The staff at MangaHigh were charming and it was a pleasant experience. I almost wanted to teach Maths again. Almost…

Jim is on the right - obviously. Old iPhones are old.

The Lazy Teacher comes to my school

Jim is on the right – obviously. Old iPhones are old.

Jim Smith was booked into our school by a Senior Teacher, Natalie Shaw. Another colleague (@cgasiorek) enjoyed participating in one of Jim Smith’s lazy teaching sessions last year. I read his book The Lazy Teacher over the summer. Packed full of good tips to lighten your workflow by engaging your teaching mind. Jim brings lots of classroom tricks to the table, not all new whizz-bangers, but all focused on putting pupil energy at the centre of learning. The tricks are clever ways of awakening the minds in the room. Find the pedagogy – the methods – that suit a particular bunch of learners and use them. I do not have his slides to reference from the whistle-stop tour of his content, but I really liked the ASDA reference he made, whereby you work out what you want the pupils to be doing before you work out what you – the teacher – are going to do. Content comes last, getting broken into the activities you have decided are going to work for that class at that time. Seems simple but it’s easy to forget as we drive hard through SOWs and POSs like they are bad weather.

We started with firework warnings: do not do the firework planning because the pupils won’t go off with a whizz, bang and crackle in a shower of coloured light. I thought of a colleague who was disappointed about a CSI style lesson he had spent all weekend prepping only to be met with a lesson that fell short of his expectations. I thought of my own attempts to build SOLO taxonomy into my lessons only to be left wondering why the pupils were not singing it’s praises. I thought lazy teaching has a got a point.

Other than Jim’s energy, I liked a bingo idea he mentioned toward the end. Give pupils a bingo sheet where they match different pedagogies – learning/thinking games/activities/stimulants – and call house when they get them all matched. What a neat trick for monitoring teaching and learning without the paperwork. Could there be a better tour of the school? A thumbnail sketch of what a pupil spends their time doing in lessons.

I’m not sure I liked all that Jim said. He talked about making yourself better than your colleagues with the aim of being the one teacher all those pupils remembered in years to come. If I understood this correctly, it’s not for me. I am a fan of variety in a school, for example, I don’t want all teachers using the same technology in every lesson. I am not bothered if some teachers never want to use it. We are all different and *vive la difference*.

Teachers seemed impressed with Jim’s INSET. Inspired. They saw the benefits of lazy teaching. [NB: it was fast and furious; it was twilight, after school on the first day back after half term]. However, I heard a couple of mentions of it making people *feel* like they were not good enough. Jim did not say anything of the sort – the opposite in fact. Nevertheless, take a very busy teacher working very hard and show them something that makes them feel like what they’re doing is not enough, and you’ve got a situation you have to handle – I know this all too well from delivering ICT INSET over the years. But the teachers I work with are great people! The effort and energy they have put into the Frog training we have done this year is immense. I wonder what everyone will make of lazy teaching. I wonder if some of the ideas will jump into tomorrow’s lessons or bleed into the daily fabric.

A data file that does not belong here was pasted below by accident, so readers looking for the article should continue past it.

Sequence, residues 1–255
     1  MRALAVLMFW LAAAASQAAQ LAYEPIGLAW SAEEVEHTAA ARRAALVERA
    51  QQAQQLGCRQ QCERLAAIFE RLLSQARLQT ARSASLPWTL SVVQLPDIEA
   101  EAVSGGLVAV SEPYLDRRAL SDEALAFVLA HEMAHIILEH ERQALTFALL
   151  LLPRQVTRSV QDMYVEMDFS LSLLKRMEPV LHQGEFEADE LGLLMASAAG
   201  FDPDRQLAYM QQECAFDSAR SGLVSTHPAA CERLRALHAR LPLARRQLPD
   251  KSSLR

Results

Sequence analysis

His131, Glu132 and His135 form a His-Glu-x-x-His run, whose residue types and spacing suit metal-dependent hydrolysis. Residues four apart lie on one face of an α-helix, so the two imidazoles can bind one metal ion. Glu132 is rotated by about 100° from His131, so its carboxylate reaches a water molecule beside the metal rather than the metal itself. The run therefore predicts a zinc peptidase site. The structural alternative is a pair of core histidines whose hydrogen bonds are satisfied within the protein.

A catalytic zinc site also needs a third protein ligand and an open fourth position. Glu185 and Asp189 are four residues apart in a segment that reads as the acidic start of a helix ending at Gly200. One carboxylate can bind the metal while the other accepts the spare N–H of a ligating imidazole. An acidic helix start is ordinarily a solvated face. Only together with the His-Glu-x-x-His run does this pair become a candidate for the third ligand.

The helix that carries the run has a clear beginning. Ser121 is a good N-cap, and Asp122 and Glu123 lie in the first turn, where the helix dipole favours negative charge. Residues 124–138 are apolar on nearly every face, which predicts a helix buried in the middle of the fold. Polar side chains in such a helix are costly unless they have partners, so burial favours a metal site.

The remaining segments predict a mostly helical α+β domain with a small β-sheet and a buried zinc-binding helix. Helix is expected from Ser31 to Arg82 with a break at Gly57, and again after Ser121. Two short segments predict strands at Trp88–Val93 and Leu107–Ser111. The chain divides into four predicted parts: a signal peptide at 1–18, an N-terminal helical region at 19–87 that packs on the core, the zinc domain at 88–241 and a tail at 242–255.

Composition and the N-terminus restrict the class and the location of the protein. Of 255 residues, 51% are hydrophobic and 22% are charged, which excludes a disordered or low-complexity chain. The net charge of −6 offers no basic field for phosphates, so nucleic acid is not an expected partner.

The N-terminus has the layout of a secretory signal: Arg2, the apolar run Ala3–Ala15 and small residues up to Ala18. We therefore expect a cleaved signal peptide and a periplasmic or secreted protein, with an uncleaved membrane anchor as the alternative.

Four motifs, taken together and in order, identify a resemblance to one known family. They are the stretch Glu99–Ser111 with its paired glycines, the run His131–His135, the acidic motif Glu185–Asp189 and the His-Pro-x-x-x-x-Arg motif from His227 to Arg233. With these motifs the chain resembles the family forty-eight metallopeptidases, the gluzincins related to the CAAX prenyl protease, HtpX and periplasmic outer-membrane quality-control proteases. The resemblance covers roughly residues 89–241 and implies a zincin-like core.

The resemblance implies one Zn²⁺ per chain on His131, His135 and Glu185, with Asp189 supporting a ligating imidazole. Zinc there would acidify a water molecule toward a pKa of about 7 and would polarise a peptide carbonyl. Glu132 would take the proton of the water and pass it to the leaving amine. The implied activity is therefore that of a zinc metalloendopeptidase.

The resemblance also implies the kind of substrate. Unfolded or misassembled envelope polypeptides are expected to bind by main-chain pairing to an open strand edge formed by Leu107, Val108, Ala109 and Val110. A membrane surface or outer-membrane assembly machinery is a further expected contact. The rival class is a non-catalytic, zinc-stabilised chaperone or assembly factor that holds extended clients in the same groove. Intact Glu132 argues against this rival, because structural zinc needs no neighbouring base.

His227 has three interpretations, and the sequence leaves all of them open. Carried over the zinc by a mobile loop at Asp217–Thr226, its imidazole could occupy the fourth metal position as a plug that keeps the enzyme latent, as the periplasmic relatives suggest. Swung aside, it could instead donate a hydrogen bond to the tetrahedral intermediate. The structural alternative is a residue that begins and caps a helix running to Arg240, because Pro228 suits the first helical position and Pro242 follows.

It is a leap of faith to start incorporating other peoples ideas into your workflow. You feel like you’re falling into the wilderness from your familiar routine. I am inspired by many teachers whose work I read about on their blogs. This takes time; I like to take ownership of a technique before I adopt it. But maybe this is me being too slow? I wrote this blogpost because Mark Anderson nudged me to. Maybe we need to find a way of nudging each other.

Bingo anyone?

Comment conversation in Google Doc

Email reply creates Comment in Google Docs

Okay. This is pretty cool functionality…

It starts like this:

Comment in Google Doc

Google Text Doc. You highlight some text and insert a comment which appears down the side. Nothing happens. The comment sits there and that’s about that really.

Highlighted text from the GDoc with the comment below it, delivered via email

But, when someone replies to your comment. It triggers an email to the original commenter. You can see the original comment I made: *this is a bit vague*

Reply to the email to send comment reply

If you reply to that email the message body becomes the next response in the GDoc comment thread.


Comment conversation in Google Doc

Simple and awesome. After I tweeted this, Mark Allen replied with a similar feature:

Mark AllenMark Allen ‏ @EdintheClouds

@daibarnes Students share Docs comment-only with teacher. Teacher’s interventions and student’s response visible in revision history. #awesome


Google Apps for Education offer some great tools that can really boost your teacher or learner workflow! None of these big systems are perfect but if you cherry pick the best features as learning tools, you can end up with a great pedagogical toolset.


Maths and Nature explained

Have your pupils ever asked you to explain how Maths is relevant to real life? There are many responses to this but this one was so compelling I felt I had to share it here.

Maths explained by Nature – or vice versa

The explanation of all this mesmerising content is mathematically explained here.